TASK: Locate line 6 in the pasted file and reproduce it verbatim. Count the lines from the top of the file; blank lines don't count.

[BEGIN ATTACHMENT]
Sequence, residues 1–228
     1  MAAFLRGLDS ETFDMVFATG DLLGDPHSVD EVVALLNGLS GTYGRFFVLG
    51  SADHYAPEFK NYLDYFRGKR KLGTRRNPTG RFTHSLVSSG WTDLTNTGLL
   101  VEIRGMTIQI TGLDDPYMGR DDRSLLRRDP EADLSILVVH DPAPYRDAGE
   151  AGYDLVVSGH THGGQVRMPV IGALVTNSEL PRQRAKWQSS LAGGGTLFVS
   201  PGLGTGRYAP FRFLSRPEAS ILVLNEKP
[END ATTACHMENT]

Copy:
   201  PGLGTGRYAP FRFLSRPEAS ILVLNEKP